Beyond arbitration, all of this makes the timing of signing of draftees extremely important. This is much more Cam Hope’s area of expertise than it is mine, but I will try to explain by using an example. A team that signs a top pick in the year that he is 19 is in a much better position long run than if they sign him at age 20. For example, let’s say that Dylan McIlrath is destined to be a star in the NHL (I am not saying that he is or isn’t, but its a very useful example). McIlrath is born on April 20, 1992. If the Rangers waited to sign him until next Spring just before they had to or at any time after December 31, 2011, he will be age 20 at the time of the signing for the purposes of arbitration. Therefore, all the years of his professional play would count towards arbitration, even if that play it is not in the NHL. With a player like McIlrath, who the Rangers believe has a good chance of becoming a top NHLer but may take awhile to develop, it behooved them to sign him before the end of this calendar year. And so they signed him in March 2011. It is not important to do this with players who are not expected to be top players, as the team wants to watch and see if they develop as expected, but for players who could wind up being elite, especially if they are expected to spend some time in the AHL, signing the player before he is 20 is an imperative.
As to the timing of when a club or a player can file for arbitration, its Article 12.2 for player-elected and Article 12.4 for club-elected arbitration that is controlling.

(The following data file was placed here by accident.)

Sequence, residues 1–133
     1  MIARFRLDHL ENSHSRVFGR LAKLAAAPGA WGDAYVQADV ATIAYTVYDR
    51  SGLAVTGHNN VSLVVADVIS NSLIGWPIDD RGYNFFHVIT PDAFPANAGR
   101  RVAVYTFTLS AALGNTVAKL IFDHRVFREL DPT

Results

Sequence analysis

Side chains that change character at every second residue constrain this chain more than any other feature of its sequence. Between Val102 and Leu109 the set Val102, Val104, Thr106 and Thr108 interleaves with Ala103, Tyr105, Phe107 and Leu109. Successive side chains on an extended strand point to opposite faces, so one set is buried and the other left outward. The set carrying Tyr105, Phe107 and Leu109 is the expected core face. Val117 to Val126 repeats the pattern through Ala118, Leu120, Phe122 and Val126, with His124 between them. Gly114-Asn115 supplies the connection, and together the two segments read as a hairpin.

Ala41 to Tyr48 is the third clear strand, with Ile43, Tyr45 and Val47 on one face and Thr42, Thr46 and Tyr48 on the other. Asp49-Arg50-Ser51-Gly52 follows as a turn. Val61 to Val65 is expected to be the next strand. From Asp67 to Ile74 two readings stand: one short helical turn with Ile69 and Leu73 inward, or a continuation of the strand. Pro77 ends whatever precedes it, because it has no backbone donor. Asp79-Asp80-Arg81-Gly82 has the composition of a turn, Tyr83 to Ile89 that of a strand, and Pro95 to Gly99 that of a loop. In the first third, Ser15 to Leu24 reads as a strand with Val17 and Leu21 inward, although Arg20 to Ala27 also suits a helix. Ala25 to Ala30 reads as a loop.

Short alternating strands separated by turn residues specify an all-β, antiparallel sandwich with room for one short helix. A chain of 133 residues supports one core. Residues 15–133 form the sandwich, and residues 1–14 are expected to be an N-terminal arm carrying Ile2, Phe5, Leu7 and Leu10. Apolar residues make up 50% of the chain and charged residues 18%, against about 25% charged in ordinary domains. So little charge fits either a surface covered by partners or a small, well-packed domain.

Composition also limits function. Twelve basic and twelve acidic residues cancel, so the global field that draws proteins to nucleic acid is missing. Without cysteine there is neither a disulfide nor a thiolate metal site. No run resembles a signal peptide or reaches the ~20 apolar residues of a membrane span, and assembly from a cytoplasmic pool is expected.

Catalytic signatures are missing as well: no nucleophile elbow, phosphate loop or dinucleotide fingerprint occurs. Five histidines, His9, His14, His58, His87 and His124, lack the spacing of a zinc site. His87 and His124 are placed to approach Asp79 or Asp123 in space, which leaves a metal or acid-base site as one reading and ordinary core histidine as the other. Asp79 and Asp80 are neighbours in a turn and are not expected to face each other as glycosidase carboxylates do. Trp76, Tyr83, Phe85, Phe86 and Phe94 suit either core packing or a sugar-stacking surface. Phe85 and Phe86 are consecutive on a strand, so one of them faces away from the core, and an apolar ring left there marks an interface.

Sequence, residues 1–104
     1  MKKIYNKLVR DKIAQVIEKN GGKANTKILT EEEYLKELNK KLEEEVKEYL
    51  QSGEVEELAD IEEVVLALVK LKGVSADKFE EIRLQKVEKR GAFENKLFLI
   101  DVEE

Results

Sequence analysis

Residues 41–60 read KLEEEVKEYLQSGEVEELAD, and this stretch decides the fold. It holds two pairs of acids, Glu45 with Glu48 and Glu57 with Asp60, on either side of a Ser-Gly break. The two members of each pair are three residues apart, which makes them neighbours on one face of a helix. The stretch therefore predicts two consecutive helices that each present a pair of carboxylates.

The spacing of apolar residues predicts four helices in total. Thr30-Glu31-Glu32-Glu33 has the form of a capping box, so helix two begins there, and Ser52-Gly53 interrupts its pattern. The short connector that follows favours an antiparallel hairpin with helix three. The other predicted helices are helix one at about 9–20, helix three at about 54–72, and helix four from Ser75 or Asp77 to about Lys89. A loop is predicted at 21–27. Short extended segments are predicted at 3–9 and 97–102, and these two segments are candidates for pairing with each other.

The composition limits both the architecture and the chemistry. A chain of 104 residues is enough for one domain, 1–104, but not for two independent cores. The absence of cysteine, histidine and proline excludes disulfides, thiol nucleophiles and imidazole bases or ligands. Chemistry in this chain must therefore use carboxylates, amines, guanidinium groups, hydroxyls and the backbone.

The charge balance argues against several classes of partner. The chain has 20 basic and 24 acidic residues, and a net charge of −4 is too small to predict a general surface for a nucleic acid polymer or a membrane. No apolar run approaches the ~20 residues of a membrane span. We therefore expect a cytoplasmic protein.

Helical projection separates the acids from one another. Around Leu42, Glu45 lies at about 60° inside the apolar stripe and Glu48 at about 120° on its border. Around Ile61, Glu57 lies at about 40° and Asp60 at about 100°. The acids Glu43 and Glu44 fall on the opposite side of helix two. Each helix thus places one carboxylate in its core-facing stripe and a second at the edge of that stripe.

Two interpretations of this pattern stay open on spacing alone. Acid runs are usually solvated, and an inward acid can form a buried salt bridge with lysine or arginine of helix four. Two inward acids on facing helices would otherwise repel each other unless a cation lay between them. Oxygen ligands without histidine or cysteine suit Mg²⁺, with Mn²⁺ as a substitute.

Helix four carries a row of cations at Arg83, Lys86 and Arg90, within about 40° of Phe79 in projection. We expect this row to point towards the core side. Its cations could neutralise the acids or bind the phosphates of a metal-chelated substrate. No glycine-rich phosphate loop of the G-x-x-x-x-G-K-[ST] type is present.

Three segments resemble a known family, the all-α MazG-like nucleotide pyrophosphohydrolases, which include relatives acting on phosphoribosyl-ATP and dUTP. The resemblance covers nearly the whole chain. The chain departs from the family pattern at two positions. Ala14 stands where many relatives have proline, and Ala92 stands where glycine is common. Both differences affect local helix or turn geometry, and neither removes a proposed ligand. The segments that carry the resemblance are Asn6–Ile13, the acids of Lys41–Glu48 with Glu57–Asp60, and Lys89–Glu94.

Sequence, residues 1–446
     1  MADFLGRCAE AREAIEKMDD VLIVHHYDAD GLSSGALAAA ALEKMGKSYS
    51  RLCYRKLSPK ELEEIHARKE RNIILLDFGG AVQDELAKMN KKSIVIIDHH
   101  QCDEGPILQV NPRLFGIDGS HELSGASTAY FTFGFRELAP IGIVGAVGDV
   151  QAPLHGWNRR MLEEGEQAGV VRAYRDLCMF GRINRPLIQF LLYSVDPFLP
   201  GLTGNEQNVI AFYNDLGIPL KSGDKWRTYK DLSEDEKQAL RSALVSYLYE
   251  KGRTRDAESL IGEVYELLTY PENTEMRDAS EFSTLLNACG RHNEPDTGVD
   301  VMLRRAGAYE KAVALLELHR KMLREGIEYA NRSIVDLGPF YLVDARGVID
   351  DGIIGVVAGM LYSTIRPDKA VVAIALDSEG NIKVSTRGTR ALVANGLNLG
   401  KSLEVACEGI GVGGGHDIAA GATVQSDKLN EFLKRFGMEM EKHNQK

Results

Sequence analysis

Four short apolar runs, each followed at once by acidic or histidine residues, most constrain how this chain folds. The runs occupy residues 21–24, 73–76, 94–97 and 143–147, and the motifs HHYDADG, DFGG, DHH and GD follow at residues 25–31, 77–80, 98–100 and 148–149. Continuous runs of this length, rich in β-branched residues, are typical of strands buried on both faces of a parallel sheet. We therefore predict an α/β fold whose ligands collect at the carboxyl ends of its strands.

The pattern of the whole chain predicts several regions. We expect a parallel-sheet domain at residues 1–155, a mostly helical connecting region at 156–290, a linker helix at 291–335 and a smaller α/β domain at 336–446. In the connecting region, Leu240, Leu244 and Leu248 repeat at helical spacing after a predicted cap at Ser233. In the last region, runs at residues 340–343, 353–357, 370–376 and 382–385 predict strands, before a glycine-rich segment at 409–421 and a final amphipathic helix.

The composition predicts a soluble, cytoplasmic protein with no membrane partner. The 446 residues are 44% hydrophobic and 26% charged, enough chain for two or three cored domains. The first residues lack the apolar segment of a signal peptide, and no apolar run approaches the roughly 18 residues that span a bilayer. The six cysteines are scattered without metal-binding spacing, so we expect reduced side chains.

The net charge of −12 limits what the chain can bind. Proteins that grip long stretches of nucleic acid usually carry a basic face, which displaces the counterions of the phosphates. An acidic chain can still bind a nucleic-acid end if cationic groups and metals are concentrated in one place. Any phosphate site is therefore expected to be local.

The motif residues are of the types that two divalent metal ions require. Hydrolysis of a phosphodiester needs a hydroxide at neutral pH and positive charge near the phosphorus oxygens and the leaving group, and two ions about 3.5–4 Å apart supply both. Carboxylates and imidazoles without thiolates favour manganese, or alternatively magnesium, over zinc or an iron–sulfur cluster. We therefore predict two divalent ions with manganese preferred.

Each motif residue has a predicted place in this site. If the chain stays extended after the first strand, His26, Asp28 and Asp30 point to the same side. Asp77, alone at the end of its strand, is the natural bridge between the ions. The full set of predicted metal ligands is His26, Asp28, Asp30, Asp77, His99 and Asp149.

If its an eligible player who wants to elect arbitration, he has to notify the NHL, the NHLPA, and his team by 5:00 pm (local NY time) on July 5th. Very simple. There is no beginning date, there is just a final date for this.
For a team, there are two periods to take a player to arbitration, depending on the category of player. The first one is for players that make more than $1.5 million in salary and bonuses in the year just past. The deadline for seeking arbitration in lieu of making a qualifying offer to these players is the later of 5 pm (again NY time) on June 15th or “48 hours after the conclusion of the Stanley Cup finals.” Since the Stanley Cup finals ended on Wednesday evening June 15th, the teams had basically about 42 hours within which to file. It appears that the Rangers did not seek this against any of the players in this category, and even if Sauer was otherwise eligible for arbitration, he did not make more than $1.5 million this past year, so the Rangers could not have filed for arbitration him this past week.
There is a second window that applies when any RFA with the necessary “professional experience” has been given a qualifying offer and not accepted it, and that player has not filed for arbitration himself by the players’ deadline (i.e., July 5th at 5 pm NY time). At that point, the team has 24 hours to file for arbitration. That means that the team has to file by July 6th at 5 pm NY time for all eligible players, including both those making more than the $1.5 million that were within the first window and those making less than that amount that were not.
There are two additional points to this that you should know. First, a club can take a player to arbitration only once in his career. Second a team can only seek arbitration with two players in any one season.
So that’s the CBA lesson for today. Hopefully, this clears up some of the misinformation out on the net and in the papers and explains why the timing of signing players to ELCs is so critical.